Wednesday, June 22, 2011
Projection Plane Photography Challenged
Digital and film are the same, at least as we know them today, and differ only in one small detail - the image capture device. Both use a lens to project an image on a planar surface and then that image is captured as a charge. In film, the charge is a precursor to a chemical reaction. In digital, the charge is a precursor to generating an electrical signal. Otherwise it's pretty much the same process, and very lens-dependent, which is why lens prices continue to climb.
And while this new technology still uses a lot of the language and technique, including lenses, that look like our familiar projection plane photography, it really has more in common with holography, or optical coherence domain reflectometry, confocal imaging, phased array imaging, synthetic aperture, and lenticular array imaging techniques brought together in a more conventional format so you can take "a picture" that is a file that can be read and reprocessed in many different ways, sometimes simultaneously.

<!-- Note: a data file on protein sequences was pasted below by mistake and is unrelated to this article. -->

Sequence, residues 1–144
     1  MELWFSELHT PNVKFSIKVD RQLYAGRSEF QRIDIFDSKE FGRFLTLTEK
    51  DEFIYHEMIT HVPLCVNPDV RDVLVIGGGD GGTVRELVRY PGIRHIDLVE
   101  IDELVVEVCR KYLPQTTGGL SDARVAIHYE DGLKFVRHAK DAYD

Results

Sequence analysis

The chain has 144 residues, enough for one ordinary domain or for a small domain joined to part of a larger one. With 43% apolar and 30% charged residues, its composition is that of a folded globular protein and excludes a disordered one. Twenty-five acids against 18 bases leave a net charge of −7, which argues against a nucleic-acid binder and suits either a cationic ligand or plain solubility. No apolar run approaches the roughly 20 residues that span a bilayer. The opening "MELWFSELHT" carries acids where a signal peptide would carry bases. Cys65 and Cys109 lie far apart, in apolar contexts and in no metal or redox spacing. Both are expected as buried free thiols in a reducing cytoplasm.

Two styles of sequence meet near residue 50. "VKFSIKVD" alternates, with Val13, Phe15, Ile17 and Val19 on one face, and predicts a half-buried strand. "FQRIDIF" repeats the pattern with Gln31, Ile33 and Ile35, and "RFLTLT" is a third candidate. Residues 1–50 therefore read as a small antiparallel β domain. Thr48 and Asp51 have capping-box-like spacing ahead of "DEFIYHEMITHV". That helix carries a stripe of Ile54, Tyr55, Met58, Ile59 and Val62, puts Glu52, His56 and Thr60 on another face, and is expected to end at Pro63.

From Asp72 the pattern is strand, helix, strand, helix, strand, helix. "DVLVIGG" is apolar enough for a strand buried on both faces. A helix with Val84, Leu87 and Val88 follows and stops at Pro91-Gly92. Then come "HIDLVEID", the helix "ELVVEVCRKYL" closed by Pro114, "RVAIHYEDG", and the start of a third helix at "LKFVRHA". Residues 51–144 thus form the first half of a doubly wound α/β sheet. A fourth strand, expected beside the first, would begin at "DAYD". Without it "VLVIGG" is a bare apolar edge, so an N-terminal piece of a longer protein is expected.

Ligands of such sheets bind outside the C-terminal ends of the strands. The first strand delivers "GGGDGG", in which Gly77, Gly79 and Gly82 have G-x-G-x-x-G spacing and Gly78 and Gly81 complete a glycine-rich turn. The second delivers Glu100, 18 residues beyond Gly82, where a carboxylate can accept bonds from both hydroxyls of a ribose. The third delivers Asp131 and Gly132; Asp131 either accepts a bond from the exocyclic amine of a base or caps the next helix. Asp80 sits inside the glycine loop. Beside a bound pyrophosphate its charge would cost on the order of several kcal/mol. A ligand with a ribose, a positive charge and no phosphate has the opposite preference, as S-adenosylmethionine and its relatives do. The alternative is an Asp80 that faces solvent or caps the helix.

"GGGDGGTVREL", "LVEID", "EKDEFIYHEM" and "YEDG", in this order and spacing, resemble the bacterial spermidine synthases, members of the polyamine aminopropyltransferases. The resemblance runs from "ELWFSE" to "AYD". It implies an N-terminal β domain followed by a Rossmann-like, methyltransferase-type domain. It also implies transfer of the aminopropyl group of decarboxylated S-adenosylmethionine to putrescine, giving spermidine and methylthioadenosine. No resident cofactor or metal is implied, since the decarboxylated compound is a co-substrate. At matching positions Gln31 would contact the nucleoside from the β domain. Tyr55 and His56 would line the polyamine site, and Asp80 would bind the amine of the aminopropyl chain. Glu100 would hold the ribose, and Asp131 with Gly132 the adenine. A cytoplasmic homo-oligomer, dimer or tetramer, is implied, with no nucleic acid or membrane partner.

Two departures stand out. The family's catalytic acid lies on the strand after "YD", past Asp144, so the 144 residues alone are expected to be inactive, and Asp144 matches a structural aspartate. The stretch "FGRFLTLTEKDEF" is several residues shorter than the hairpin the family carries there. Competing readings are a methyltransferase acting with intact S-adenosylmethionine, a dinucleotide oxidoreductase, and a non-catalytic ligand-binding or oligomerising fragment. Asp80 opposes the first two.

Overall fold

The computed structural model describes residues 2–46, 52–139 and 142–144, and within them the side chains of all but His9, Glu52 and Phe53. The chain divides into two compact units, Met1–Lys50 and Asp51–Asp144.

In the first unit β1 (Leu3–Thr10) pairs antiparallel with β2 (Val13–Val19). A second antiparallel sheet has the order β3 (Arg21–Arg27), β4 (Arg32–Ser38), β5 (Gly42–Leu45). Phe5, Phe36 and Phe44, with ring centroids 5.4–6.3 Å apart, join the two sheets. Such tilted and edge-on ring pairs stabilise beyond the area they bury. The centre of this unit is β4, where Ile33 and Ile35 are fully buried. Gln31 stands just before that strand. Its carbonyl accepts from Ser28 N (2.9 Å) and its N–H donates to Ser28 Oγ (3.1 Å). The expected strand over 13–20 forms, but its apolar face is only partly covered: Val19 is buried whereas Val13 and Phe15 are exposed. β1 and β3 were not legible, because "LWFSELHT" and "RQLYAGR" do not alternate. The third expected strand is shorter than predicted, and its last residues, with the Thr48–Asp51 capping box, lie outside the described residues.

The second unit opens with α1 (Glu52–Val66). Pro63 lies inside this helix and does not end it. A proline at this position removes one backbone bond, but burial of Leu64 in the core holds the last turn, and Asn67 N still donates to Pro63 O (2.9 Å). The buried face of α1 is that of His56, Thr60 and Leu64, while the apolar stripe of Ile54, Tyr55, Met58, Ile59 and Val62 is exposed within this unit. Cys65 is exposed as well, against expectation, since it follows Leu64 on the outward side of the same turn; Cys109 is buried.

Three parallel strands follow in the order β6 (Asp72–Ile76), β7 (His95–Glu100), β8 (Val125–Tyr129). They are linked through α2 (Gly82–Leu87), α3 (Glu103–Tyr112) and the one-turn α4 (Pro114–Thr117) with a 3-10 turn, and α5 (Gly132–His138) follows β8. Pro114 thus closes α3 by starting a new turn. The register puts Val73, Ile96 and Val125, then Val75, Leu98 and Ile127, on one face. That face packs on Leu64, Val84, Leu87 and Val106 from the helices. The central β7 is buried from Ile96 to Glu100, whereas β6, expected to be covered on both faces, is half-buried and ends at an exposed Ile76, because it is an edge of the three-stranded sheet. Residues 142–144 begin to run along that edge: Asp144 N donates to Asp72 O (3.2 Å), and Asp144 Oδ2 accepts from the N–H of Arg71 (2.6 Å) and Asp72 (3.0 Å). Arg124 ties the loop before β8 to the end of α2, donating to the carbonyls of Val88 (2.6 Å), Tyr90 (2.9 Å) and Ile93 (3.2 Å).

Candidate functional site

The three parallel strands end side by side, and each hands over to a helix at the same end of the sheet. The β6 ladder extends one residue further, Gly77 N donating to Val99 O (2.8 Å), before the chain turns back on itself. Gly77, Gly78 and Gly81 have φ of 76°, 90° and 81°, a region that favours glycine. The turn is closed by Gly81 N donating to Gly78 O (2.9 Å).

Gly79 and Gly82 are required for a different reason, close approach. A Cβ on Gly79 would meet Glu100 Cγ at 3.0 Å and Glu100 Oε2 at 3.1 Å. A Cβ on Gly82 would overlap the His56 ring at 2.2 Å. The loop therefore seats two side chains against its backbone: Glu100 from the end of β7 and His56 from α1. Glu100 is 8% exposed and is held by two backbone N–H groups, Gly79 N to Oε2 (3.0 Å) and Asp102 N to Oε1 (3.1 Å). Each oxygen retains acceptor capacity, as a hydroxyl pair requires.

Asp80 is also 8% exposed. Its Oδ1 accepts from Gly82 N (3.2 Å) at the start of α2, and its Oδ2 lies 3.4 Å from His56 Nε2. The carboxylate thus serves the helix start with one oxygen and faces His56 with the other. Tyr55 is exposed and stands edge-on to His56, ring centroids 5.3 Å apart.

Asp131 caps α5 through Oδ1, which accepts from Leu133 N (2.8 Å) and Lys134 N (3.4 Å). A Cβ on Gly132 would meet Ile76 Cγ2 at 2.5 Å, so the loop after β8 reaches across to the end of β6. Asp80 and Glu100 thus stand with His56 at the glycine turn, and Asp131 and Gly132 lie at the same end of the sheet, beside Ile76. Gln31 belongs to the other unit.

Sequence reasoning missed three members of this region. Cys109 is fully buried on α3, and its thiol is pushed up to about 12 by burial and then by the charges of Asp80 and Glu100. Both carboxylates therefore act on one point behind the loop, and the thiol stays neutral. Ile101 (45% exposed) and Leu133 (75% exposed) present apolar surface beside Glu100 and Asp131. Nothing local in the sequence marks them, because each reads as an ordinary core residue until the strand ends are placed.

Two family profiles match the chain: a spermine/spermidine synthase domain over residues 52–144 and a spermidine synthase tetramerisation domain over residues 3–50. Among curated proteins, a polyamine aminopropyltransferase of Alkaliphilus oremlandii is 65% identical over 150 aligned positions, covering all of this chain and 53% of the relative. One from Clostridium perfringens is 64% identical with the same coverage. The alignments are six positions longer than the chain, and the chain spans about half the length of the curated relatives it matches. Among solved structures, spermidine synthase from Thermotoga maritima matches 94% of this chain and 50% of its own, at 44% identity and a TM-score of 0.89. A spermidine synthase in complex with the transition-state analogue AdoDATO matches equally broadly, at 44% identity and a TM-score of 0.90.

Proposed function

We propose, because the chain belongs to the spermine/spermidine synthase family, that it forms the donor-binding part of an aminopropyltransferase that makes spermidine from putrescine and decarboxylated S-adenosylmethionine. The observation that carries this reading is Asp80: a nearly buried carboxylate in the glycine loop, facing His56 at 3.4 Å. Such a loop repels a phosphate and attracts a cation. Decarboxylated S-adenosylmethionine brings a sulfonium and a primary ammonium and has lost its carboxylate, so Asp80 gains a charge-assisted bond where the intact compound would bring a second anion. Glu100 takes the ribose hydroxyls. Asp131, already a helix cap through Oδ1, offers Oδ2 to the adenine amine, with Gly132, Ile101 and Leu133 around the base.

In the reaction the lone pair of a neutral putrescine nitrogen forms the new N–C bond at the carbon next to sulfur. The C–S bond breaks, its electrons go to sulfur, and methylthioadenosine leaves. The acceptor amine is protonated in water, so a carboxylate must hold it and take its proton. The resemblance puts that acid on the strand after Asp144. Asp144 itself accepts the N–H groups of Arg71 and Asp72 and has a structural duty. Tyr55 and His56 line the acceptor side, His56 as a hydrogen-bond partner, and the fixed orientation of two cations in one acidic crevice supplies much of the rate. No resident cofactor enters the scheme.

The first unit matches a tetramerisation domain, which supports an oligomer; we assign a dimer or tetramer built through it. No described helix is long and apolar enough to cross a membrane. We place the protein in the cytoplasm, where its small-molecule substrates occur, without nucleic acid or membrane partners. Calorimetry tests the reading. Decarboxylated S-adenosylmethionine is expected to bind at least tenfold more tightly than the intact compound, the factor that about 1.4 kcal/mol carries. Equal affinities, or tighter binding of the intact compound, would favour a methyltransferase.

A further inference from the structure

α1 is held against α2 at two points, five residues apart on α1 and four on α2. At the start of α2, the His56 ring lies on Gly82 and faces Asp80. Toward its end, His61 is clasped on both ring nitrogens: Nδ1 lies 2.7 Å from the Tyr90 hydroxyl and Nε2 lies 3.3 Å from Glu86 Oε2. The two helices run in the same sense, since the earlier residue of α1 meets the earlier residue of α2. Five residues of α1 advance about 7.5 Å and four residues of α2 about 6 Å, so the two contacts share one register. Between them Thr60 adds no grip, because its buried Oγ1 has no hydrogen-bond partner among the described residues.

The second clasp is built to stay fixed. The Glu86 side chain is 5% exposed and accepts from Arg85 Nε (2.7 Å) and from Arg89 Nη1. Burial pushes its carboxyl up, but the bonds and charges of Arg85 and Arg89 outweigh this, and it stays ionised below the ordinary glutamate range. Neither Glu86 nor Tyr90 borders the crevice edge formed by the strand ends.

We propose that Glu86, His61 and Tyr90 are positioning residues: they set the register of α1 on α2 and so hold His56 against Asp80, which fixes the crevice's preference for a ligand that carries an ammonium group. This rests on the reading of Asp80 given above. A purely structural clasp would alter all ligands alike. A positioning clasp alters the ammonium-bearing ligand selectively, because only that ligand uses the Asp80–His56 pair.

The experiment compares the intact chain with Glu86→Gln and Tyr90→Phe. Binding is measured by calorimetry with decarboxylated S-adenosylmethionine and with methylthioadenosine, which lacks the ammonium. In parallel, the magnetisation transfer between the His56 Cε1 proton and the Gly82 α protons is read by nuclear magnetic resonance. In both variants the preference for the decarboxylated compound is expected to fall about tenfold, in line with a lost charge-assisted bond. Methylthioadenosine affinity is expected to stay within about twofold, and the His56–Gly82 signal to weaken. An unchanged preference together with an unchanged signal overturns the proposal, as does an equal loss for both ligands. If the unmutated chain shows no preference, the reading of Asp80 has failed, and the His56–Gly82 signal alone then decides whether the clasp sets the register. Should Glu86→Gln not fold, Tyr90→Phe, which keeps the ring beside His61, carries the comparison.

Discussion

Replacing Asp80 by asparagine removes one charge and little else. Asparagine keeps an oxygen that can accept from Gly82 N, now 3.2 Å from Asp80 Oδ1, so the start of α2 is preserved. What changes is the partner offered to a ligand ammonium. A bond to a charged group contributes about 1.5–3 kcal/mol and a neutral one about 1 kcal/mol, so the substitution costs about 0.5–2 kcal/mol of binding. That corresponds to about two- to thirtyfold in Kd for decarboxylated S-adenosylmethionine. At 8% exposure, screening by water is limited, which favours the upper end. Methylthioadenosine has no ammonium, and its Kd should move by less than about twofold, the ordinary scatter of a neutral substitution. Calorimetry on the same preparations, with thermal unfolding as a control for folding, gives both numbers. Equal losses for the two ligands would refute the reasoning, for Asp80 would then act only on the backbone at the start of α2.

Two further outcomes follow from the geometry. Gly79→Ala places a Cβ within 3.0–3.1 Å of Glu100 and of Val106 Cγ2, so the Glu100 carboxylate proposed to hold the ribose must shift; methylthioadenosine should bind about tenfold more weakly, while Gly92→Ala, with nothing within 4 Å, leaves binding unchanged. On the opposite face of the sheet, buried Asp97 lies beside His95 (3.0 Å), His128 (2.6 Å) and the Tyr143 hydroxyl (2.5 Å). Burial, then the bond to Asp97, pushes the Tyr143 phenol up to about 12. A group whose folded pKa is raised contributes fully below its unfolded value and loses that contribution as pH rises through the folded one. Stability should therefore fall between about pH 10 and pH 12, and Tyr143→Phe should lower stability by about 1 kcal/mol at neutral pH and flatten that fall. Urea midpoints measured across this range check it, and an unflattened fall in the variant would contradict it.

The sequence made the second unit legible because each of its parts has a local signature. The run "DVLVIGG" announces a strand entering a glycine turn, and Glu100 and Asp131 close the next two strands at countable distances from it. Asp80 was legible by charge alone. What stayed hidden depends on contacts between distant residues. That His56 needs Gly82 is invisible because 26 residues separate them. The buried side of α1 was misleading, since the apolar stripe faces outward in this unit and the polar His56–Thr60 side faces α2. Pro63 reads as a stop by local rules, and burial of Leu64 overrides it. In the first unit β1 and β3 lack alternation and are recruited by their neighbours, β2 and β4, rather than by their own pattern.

Do not overlook this innovation, which will impact displays as well as capture devices on all of our appliances, and eventually back onto planes, such as paper. It's cool and frightening at the same time, as we enter a period of highly accelerated change, unprecedented in human history.
Posted by Bob Crowley at 9:46 AM